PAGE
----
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									                 Annuity Distributions
                      • What are annuity distributions?
                      • How are annuity distributions made?
                      • How are your annuity payouts computed if you elect to annuitize?
                      • Who are the parties to an annuity contract?
                      • How are annuity benefits paid out?
                      • When are annuity benefits paid out?
                      • What payout methods are available?
                      • Options after death
                      • What is the tax treatment of annuity payouts in the annuitization phase?




                What are annuity distributions?
                The second phase of an annuity contract, called the distribution phase, begins when you start
               receiving payments from the annuity. These payments are called annuity distributions. Distributions
               typically consist of principal and earnings.

                      Caution: The examples used throughout this discussion are hypothetical. They do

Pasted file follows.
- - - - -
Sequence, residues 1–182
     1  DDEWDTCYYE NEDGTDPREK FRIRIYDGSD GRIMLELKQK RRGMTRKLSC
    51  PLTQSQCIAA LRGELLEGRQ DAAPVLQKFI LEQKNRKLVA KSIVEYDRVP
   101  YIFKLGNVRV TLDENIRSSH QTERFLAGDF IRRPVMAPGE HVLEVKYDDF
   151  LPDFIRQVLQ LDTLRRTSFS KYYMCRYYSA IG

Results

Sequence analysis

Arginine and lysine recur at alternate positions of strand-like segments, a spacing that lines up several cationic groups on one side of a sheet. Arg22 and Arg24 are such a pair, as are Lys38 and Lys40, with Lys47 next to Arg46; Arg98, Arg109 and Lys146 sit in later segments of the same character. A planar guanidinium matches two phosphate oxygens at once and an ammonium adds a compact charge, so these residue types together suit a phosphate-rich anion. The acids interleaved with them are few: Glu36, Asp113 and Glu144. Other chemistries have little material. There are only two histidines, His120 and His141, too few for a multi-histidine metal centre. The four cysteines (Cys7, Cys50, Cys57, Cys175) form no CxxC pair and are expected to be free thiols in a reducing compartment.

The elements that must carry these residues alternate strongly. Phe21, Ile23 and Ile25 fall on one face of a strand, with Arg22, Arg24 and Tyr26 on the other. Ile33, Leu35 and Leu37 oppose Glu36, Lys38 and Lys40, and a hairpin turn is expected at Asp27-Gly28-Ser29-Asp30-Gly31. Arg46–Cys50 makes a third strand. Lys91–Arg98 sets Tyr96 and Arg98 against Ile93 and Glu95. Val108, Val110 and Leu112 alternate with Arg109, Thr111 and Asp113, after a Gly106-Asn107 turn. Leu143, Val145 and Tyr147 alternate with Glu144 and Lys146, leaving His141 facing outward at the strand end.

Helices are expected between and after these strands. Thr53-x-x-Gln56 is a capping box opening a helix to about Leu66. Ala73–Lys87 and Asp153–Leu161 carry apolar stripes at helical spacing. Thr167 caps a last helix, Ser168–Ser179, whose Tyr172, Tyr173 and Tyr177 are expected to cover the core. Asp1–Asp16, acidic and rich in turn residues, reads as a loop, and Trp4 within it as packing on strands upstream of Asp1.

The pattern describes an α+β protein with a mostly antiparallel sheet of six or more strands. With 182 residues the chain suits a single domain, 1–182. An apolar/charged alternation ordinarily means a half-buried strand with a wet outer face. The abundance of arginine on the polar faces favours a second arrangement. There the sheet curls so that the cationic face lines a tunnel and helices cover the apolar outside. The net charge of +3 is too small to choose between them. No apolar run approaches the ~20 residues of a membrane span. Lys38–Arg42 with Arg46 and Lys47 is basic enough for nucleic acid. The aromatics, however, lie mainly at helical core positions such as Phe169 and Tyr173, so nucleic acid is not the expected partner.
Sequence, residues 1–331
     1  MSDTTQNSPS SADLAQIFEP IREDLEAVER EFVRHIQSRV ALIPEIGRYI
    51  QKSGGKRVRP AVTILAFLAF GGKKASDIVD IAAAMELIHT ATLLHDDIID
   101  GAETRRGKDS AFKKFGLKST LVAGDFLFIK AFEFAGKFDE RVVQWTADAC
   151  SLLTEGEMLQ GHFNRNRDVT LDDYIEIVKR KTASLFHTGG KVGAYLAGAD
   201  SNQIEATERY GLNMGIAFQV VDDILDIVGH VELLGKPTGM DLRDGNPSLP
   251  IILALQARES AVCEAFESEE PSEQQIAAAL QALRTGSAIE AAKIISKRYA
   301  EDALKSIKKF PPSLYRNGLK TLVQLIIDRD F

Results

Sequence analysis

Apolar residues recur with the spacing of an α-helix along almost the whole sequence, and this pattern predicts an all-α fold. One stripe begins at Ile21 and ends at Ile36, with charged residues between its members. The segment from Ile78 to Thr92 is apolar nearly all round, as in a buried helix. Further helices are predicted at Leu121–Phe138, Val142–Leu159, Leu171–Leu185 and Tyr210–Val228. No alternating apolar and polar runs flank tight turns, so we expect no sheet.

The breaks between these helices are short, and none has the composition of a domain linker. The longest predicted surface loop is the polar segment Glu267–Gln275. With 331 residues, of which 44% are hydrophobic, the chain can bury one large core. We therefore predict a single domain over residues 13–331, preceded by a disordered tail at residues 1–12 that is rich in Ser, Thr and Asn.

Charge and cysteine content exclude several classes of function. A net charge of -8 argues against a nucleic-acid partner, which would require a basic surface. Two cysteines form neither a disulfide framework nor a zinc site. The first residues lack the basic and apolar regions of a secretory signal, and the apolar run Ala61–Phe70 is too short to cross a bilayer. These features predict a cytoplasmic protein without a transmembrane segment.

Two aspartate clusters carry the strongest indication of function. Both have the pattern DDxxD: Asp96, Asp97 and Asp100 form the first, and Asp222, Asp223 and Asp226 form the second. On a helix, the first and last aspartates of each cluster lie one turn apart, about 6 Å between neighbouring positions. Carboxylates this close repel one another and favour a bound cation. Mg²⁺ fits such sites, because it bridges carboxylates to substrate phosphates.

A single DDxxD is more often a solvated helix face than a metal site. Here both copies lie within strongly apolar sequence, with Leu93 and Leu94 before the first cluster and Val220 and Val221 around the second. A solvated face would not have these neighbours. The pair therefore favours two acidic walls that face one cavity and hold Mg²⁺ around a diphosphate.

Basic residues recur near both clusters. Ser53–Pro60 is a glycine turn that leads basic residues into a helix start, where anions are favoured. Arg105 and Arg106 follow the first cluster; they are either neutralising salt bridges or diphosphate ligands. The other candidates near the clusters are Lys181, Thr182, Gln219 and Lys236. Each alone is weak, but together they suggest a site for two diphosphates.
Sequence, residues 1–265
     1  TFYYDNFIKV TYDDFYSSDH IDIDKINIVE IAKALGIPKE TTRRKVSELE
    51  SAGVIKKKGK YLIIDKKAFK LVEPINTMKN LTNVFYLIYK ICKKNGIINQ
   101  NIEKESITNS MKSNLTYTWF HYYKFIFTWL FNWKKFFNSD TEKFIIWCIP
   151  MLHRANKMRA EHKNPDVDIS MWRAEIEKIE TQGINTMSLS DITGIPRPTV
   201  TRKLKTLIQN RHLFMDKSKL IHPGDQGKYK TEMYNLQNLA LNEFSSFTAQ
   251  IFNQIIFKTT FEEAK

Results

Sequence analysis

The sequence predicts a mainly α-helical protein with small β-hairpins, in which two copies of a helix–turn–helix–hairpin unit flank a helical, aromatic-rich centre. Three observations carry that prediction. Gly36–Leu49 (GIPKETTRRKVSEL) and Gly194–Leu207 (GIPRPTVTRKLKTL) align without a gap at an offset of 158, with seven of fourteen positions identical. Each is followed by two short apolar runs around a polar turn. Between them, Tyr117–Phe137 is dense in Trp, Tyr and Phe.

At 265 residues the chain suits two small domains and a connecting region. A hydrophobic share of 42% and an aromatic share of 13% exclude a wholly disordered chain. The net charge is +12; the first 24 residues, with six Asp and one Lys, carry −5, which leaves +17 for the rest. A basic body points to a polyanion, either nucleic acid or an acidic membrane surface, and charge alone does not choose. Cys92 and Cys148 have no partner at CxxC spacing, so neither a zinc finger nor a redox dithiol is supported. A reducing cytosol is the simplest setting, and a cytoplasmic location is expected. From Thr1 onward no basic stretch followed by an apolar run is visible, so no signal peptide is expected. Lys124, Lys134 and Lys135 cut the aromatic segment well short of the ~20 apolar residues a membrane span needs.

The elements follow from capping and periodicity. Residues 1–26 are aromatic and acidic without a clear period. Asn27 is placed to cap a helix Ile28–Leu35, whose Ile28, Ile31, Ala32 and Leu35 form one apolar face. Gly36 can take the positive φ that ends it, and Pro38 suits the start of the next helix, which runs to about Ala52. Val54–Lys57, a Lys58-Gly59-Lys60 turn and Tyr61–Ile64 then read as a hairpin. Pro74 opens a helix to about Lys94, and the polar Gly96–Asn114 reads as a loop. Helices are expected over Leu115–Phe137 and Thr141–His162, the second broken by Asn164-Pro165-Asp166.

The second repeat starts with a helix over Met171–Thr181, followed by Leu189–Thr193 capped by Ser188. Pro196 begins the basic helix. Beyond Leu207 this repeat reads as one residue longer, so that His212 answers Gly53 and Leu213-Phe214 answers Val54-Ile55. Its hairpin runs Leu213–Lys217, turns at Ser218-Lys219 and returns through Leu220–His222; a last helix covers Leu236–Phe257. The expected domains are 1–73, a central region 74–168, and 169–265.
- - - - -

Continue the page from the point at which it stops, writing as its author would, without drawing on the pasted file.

not reflect the actual performance of an annuity or the fees and charges associated
                      with an annuity.




                How are annuity distributions made?

               Withdrawal option

                You can choose to simply withdraw earnings (or earnings and principal) from the annuity. There are
               several ways of doing this. You can withdraw all of the money in the annuity (both the principal and
               earnings) in one lump sum. You can also withdraw the money over a period of time through regular
               or irregular withdrawals. By choosing to make withdrawals from your annuity, you continue to have
               control over money you have invested in the annuity. In a sense, it is similar to a savings account at
               a bank. You can withdraw only earnings (interest) from the account, or you can withdraw both the
               principal and the interest. However, if you systematically withdraw the principal and the earnings
               from the annuity, there is obviously no guarantee that the funds in the annuity will last for your entire
               lifetime.

                      Caution: Withdrawals made prior to age 59 ½ may be subject to a 10 percent federal
                      penalty tax.


               Guaranteed income (annuitization) option

                A second distribution option is called the guaranteed income (or annuitization) option. If you select
               this option, your annuity will be "annuitized," which means that the current value of your annuity is
               converted into a stream of payments. This allows you to receive a guaranteed income stream from
               the annuity. The annuity issuer promises to pay you an amount of money on a periodic basis (e.g.,